By what standards are you judged?

Many women keep themselves “under wraps” – to fit in – to make money – to succeed – to please…in a world that is still measured by male-made standards.

One of my all-time favorite books is The Confidence Code by Katty Kay and Claire Shipman. They talk about how the male model of confidence still is what's used to define confidence. It makes sense that the look of a feminine “brand” of confidence would be different from the male brand.  However, the book explains that often women (and the world, in general) seem to expect that confidence should look the same regardless of the uniqueness of a person, whether you identify as a male or female or neither. Thus, me being judged as “too nice.”

They contend that we still judge a woman’s confidence by how she compares to the indicators of male confidence. Kay and Shipman write: 

“Male workplace bravado – perhaps testosterone-fueled and Mad Men-inspired – is still the gold standard.  It is currently the only standard.  The drive to win no matter the cost.  The boundless craving for risk.  The propensity for quick decisions.  The emphasis on high-decibel and high-energy interaction…Professional success demands political savvy, a certain amount of scheming and jockeying, a flair for self-promotion and not letting a no stop you.”

That’s not me and I suspect it may not be you – or some of you.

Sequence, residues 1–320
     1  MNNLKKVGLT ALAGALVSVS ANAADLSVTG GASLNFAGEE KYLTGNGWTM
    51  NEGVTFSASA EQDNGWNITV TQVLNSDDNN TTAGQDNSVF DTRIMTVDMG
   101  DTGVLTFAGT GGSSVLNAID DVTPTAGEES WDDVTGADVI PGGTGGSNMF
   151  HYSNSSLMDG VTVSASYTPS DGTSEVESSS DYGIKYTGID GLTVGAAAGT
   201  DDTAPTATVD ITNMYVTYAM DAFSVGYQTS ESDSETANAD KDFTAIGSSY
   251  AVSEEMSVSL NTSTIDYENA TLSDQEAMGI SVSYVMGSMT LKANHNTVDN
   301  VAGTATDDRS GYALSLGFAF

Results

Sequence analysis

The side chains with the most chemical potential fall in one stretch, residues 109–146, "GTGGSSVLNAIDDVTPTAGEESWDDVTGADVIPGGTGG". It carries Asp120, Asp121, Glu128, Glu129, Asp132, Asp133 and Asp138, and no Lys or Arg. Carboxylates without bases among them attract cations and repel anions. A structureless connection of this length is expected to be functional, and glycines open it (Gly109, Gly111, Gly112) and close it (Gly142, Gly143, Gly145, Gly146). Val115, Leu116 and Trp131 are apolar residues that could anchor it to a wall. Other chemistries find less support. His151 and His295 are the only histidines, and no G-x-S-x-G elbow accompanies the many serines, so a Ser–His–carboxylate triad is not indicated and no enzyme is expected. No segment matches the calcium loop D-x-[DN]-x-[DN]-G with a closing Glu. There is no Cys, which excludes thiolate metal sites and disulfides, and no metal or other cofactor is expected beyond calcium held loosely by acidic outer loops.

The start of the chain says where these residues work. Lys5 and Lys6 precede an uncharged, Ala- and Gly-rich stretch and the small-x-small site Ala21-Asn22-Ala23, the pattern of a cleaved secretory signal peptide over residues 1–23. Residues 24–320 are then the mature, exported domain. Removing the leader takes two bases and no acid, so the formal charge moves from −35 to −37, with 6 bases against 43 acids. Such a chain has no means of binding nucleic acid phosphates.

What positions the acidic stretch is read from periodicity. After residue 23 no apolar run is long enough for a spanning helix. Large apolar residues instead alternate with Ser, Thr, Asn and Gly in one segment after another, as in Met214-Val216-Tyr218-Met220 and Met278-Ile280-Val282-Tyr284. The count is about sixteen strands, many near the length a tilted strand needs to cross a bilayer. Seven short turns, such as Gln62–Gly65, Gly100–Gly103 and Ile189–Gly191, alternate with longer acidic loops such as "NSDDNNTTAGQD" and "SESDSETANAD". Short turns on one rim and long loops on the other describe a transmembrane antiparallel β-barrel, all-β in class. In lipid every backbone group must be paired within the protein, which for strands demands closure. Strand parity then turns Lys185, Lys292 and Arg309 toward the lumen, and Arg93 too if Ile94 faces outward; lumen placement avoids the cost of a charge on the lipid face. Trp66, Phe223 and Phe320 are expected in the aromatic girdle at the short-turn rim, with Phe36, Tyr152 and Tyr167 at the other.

Please know — I’m not criticizing. Many styles work and of course, they’d be unique to the person.  But being labeled too nice is a big tip-off that I’m being judged by an unwritten standard and I agree with Kay and Shipman, that particular indicator belongs to the male model of confidence and success.

It is what it is. We have accomplished a lot because of what our largely male-oriented society has created. And after all, it takes time to assimilate a new cohort into an organization, though some did it more gracefully than others! We’re not going to heal by bashing anyone. We are going to heal by allowing, accepting, and appreciating everyone’s part – appreciating the male and the female.

And how we’re growing! There was no “me too” back then; no talk of mansplaining or man-spreading. We’ve come far.

What does Feminine Confidence look like? 

Claire and Shipman define the more female model (which of course can be employed by a man as well as a woman.) They tell us that those male tactics do bring success but they caution against using them to define confidence. Here’s how they describe the female brand: